In its zeal to build tourism and commerce, moreover, Infraero has prioritised modernising terminals – in contrast, ANAC, which does not interact directly with passengers, is working with a budget one-third less than it requested.
Nevertheless, blaming infrastructure problems solely on management would be as simplistic as blaming the TAM accident solely on pilot error. Brazil’s aviation breakdowns also reflect national growth rates that would challenge the ability of any government to provide sufficient infrastructure in a timely manner.
Air traffic in Brazil has grown by at least 15% annually over the last three years; if it continues, this growth implies that traffic in 2010 will be double that of 2004.
To keep pace with surging demand, airport operators in particular face a difficult juggling act featuring many tradeoffs along a number of dimensions. For example:
- Urban, surburban and even exurban sprawl always catches up with airports, which often have to limit runway and airway usage because of neighbouring high-rise construction and residential complaints about noise
- Shutting down runways for renovation exacerbates congestion in the short term, and the resulting public irritation can induce airport operators to cut corners (such as not waiting for runway concrete to cure)
- When budgets are fixed, old infrastructure renovation competes for budget dollars with new infrastructure construction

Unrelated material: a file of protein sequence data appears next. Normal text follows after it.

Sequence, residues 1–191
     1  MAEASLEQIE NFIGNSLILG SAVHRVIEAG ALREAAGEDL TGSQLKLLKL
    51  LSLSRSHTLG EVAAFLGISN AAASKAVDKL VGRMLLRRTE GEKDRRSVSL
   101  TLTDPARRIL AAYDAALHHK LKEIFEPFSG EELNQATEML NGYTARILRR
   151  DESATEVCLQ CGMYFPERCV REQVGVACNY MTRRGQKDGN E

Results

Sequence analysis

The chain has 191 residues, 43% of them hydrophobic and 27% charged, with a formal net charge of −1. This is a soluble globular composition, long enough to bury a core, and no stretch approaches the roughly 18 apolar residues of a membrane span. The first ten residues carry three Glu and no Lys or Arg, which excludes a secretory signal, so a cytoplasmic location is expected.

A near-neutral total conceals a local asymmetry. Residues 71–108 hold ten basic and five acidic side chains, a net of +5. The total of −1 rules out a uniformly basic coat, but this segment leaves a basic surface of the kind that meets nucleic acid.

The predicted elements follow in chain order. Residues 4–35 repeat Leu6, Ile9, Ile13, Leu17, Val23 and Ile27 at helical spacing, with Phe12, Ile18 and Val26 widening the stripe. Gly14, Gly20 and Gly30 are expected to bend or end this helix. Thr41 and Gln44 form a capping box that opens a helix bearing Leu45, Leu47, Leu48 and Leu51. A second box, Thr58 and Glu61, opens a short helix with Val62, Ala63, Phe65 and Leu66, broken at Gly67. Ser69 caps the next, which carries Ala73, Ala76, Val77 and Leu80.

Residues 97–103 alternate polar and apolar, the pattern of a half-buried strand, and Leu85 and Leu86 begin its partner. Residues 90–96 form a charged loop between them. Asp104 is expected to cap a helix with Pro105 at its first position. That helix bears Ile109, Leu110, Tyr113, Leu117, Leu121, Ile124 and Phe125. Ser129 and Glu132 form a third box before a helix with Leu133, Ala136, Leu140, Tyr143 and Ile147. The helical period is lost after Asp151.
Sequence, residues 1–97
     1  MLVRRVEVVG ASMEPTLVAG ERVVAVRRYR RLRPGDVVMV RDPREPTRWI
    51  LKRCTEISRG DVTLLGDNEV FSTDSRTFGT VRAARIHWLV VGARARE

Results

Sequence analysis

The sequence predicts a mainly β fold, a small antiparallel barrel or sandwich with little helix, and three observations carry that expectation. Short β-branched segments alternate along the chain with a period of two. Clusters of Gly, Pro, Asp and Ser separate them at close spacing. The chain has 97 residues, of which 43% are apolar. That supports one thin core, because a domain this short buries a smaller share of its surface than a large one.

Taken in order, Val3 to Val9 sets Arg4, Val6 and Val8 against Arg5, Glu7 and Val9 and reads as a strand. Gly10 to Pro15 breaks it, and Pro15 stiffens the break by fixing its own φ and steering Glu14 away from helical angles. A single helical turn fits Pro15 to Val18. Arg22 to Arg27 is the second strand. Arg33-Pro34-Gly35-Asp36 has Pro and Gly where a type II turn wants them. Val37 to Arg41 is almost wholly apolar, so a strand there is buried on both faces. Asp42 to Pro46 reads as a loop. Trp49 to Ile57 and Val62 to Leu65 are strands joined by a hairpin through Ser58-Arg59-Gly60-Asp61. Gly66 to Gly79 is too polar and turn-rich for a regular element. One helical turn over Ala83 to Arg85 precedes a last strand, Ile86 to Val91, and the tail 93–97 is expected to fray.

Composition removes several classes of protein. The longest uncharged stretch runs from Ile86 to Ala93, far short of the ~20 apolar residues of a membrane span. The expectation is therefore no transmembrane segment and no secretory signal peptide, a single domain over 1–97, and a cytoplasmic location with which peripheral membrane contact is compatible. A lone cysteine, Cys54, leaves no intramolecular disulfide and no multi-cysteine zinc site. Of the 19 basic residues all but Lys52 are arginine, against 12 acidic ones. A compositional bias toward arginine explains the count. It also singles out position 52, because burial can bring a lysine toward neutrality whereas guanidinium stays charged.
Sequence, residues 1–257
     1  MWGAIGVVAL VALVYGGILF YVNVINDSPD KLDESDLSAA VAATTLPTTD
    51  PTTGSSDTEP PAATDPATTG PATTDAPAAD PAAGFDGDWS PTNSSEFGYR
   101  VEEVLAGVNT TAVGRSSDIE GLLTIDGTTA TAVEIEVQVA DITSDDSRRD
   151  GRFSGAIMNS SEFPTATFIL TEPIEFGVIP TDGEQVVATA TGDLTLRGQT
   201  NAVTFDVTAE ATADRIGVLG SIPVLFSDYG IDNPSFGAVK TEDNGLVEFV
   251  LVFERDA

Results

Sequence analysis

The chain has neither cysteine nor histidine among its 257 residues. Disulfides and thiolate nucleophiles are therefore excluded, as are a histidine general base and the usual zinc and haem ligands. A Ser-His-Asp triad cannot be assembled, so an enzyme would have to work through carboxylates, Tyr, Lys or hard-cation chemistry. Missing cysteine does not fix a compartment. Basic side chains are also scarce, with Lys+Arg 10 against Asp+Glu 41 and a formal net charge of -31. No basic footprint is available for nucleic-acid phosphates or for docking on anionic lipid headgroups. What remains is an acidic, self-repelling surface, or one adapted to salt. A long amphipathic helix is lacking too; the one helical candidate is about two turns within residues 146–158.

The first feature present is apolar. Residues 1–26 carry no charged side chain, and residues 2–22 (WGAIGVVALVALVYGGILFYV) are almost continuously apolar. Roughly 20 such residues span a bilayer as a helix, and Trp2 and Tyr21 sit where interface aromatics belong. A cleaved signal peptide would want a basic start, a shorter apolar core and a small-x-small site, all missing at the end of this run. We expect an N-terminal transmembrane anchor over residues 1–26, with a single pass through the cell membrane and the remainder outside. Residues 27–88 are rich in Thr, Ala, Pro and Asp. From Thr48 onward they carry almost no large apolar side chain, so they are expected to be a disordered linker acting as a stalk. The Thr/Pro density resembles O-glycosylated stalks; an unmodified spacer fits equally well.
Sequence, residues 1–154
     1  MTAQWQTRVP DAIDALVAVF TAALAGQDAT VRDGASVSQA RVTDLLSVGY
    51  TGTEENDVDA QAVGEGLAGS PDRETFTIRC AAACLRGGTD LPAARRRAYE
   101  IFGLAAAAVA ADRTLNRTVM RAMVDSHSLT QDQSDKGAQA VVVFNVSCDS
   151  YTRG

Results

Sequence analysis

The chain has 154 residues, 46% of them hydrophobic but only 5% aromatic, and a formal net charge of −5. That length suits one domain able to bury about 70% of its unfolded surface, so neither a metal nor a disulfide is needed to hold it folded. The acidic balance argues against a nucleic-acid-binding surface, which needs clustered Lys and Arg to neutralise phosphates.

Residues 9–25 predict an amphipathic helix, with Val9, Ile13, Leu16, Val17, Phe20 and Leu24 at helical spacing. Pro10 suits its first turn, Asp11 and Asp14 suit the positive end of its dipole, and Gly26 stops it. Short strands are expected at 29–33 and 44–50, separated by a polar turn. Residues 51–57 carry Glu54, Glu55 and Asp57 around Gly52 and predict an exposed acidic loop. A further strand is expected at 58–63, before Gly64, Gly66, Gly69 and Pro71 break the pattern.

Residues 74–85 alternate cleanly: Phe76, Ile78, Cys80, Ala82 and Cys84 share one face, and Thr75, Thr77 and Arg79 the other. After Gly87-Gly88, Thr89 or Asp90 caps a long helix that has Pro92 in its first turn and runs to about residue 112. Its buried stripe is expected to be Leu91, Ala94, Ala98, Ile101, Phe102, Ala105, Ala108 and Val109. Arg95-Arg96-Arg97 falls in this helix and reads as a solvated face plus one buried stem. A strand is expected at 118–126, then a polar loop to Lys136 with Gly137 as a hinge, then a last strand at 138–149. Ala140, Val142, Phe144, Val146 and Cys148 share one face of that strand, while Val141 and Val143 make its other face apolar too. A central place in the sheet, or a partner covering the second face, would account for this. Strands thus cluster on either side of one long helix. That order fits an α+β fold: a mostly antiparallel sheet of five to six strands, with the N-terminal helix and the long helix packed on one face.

- Authorities can stretch budgets by avoiding more expensive material, such as more absorptive asphalt that does not require grooving, but such tradeoffs are often penny wise and pound foolish
Certainly, technology can remedy almost every problem, but fixes are constrained in many cases by insuperable external barriers.
Regarding landing incidents, for example, crushable concrete (EMAS) and similar materials can reduce overruns the same way that gravel inclines corral trucks with brake failure, but this fix assumes extra land for runway extension. Aircraft tires can be ‘stickier’, but at the cost of more susceptibility to blowouts, which operators and fabricators regard as more dangerous.
Ultimately, the best way to prevent accidents is to focus less on minimising equipment error and more on minimising human error. At the operational level, this usually requires more people and more training, both of which are relatively simple, although not always financially easy.
At the management level, the problem is not so much cognitive error as conflicts of interest, self-protection and ego gratification, and corroded ethics. Unfortunately, there is no technological fix for any of these.